Is God an « Exterminator » in potentia?
« The Lord sent death upon Jacob and it came upon Israel. » (Isaiah 9:7)
Death, really? Upon Jacob? And upon Israel? Sent by the Lord Himself ?
The word « death » is in fact used in this verse in the famous translation of the Septuagint, made around 270 B.C. by seventy Jewish scholars in Alexandria at the request of Ptolemy II. The Septuagint (noted LXX) uses the Greek word θάνατον, thanaton, which means « death ».
But in other translations, disregarding this catastrophic lesson of the LXX, Isaiah’s verse is translated much more neutrally as « word ».i
The Jerusalem Bible gives thus: « The Lord hath cast a word into Jacob, it is fallen upon Israel. »
In the original version, Hebrew uses the word דָּבָר , davar, whose primary meaning is « word ».
The dictionary also tells that this same word, דָּבָר , davar, can mean « plague » or « death », as in Exodus 9:3: « A very strong plague » or « a very deadly plague ». Here, the LXX gives θάνατος μέγας, « a great death ». In Hosea 13:14 the word davar means « plagues ».
If the noun דָּבָר , davar, carries this astonishing duality of meaning, the verb דָּבַר , davara, confirms it by adding a nuance of excess. Davara means « to speak, to say; to speak evil, to speak against », but also « to destroy, to exterminate ».
It seems that in Hebrew the sphere of meanings attached to davar and davara is not only potentially full of threats or (verbal) aggression, as in Numbers 12:1 (« Miriam and Aaron spoke against Moses ») or in Ps 78:19 (« They spoke against God »), but also full of potential, fatal and deadly action, as in II Chr 22:10 (« She wiped out the whole royal race ») or in Ps 2:5 (« In his wrath he will destroy their mighty ones »).
Davar. Word. Plague. Death.
Davara. To speak. To exterminate.
Such ambivalence, so radical, implies that one can really decide on the meaning, – « word » or « extermination » ? – only by analyzing the broader context in which the word is used.
For example, in the case of Isaiah’s verse: « The Lord sent death upon Jacob and it came upon Israel », it is important to emphasize that the prophet continues to make terrible predictions, even darker:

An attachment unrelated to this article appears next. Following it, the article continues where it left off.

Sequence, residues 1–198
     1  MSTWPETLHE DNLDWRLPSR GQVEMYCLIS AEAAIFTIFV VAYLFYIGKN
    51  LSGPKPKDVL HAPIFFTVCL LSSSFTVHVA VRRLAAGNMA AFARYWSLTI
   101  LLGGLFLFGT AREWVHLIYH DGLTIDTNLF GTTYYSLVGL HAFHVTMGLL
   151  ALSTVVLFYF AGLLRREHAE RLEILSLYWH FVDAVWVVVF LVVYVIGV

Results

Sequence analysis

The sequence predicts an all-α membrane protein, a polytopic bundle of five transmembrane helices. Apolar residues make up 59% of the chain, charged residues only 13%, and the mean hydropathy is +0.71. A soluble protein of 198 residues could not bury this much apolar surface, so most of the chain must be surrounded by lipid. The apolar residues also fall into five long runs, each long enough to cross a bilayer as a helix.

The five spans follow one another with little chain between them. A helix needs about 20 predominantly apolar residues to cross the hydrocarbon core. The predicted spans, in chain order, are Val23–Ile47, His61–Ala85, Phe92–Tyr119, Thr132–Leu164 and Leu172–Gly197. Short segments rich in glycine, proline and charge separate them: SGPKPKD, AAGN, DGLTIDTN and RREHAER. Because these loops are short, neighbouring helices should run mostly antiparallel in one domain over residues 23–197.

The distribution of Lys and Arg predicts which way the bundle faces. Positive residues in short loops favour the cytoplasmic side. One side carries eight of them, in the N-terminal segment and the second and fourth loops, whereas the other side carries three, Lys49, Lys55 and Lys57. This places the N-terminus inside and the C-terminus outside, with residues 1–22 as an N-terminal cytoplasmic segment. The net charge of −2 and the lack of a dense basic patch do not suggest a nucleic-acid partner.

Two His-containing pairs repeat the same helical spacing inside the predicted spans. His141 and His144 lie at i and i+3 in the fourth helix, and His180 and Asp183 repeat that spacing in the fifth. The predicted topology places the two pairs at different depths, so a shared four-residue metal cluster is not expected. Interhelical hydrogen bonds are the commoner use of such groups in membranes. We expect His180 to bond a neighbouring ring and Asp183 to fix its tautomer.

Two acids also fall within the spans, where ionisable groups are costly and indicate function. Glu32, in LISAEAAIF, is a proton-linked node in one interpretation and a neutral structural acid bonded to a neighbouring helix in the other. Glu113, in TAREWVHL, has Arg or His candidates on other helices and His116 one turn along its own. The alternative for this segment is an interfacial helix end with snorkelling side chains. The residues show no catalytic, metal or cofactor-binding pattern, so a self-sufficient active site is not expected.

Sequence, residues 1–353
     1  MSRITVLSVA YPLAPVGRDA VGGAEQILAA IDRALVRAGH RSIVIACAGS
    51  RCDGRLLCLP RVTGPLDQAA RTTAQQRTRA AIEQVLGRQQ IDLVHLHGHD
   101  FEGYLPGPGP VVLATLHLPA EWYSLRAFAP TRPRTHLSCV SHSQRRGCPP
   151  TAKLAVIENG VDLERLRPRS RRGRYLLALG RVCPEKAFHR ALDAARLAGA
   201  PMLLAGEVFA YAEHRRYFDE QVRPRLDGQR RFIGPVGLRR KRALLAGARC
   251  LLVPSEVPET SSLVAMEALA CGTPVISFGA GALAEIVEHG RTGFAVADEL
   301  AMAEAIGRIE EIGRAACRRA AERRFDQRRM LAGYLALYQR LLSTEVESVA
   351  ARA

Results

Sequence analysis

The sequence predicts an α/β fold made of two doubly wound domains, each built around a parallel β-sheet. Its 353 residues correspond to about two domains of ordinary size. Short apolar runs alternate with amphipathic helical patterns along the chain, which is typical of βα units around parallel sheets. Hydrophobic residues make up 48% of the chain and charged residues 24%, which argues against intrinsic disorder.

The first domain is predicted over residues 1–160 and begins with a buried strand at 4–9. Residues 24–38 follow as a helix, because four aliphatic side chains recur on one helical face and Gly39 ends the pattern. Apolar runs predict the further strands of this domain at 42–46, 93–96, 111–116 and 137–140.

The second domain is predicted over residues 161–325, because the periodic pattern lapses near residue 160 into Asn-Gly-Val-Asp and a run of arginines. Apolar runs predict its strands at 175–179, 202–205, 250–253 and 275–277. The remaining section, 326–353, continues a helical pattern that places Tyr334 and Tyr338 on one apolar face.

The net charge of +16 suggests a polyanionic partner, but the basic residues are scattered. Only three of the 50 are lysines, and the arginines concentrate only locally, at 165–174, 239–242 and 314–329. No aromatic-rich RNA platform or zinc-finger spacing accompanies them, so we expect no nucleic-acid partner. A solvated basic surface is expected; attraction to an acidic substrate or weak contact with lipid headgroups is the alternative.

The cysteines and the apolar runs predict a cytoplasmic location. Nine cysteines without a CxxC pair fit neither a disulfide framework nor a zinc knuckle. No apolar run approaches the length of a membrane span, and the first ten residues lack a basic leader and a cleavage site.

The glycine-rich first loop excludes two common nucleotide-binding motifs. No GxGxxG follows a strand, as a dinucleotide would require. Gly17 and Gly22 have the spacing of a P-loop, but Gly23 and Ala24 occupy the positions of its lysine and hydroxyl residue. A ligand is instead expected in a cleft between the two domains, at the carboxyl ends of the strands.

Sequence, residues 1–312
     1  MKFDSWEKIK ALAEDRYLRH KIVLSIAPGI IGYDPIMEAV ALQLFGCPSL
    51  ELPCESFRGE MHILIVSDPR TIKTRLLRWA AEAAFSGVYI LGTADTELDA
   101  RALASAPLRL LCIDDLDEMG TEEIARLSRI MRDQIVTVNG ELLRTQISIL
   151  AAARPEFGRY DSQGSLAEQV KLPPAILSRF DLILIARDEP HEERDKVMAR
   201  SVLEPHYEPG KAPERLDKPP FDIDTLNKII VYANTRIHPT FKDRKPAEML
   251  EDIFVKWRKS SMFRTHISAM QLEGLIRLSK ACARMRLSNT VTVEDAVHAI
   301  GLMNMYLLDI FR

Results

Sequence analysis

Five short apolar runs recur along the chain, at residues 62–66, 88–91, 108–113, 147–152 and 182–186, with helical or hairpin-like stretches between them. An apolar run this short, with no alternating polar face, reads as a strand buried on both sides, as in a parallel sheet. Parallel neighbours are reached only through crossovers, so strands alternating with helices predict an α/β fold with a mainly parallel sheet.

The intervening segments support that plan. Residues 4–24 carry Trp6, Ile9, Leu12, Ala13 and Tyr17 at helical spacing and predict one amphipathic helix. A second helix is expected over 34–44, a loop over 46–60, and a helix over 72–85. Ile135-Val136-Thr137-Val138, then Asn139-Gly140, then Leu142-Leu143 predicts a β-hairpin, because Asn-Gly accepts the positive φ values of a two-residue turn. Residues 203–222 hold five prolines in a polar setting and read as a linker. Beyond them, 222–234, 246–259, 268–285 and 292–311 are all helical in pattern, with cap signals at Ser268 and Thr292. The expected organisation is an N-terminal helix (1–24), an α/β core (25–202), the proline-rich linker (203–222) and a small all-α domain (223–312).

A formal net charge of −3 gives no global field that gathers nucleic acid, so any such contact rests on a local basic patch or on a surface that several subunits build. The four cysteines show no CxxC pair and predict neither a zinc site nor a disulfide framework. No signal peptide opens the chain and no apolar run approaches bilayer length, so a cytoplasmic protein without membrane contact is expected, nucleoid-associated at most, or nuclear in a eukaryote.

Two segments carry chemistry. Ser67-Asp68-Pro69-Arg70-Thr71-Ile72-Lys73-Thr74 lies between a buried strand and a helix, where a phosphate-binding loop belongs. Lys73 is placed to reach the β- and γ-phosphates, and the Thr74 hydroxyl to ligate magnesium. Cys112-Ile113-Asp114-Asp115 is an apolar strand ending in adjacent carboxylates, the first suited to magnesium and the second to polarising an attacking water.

« The Lord will raise up against them the enemies of Rezin. And he will arm their enemies. Aram on the east, the Philistines on the west, and they will devour Israel with full mouths » (Isaiah 9:10-11).
« So YHVH cut off from Israel head and tail, palm and rush, in one day » (Isaiah 9:13).
« By the wrath of YHVH Sabaoth the earth has been burned and the people are like the prey of fire » (Isaiah 9:18).
The context here clearly gives weight to an interpretation of davar as « death » and « extermination » and not simply as « word ».
The lesson in LXX appears to be correct and faithful to the intended meaning.
Another question then arises.
Is this use of the word davar in Isaiah unique in its kind?
Another prophet, Ezekiel, also reported terrible threats from God against Israel.
« I will make you a desolation, a derision among the nations that are round about you, in the sight of all who pass by » (Ez 5:14).
« I will act in you as I have never acted before and as I will never act again, because of all your abominations » (Ez 5:9).
« You shall be a mockery and a reproach, an example and a stupefaction to the nations around you, when I shall do justice from you in anger and wrath, with furious punishments. I, YHVH, have said » (Ez 5:15).
« And I will put the dead bodies of the Israelites before their filthiness, and I will scatter their bones around your altars. Wherever you dwell, the cities shall be destroyed and the high places laid waste » (Ez 6:5).
We find in Ezekiel the word davar used in the sense of « plague » or « pestilence »:
« Thus says the Lord YHVH: Clap your hands, clap your feet and say, ‘Alas,’ over all the abominations of the house of Israel, which will fall by the sword, by famine and by pestilence (davar). He who is far away will die by the pestilence (davar). He who is near shall fall by the sword. That which has been preserved and spared will starve, for I will quench my fury against them » (Ez 6:11-12).
God is not joking. Davar is not « only » a plague. It is the prospect of an extermination, an annihilation, the final end.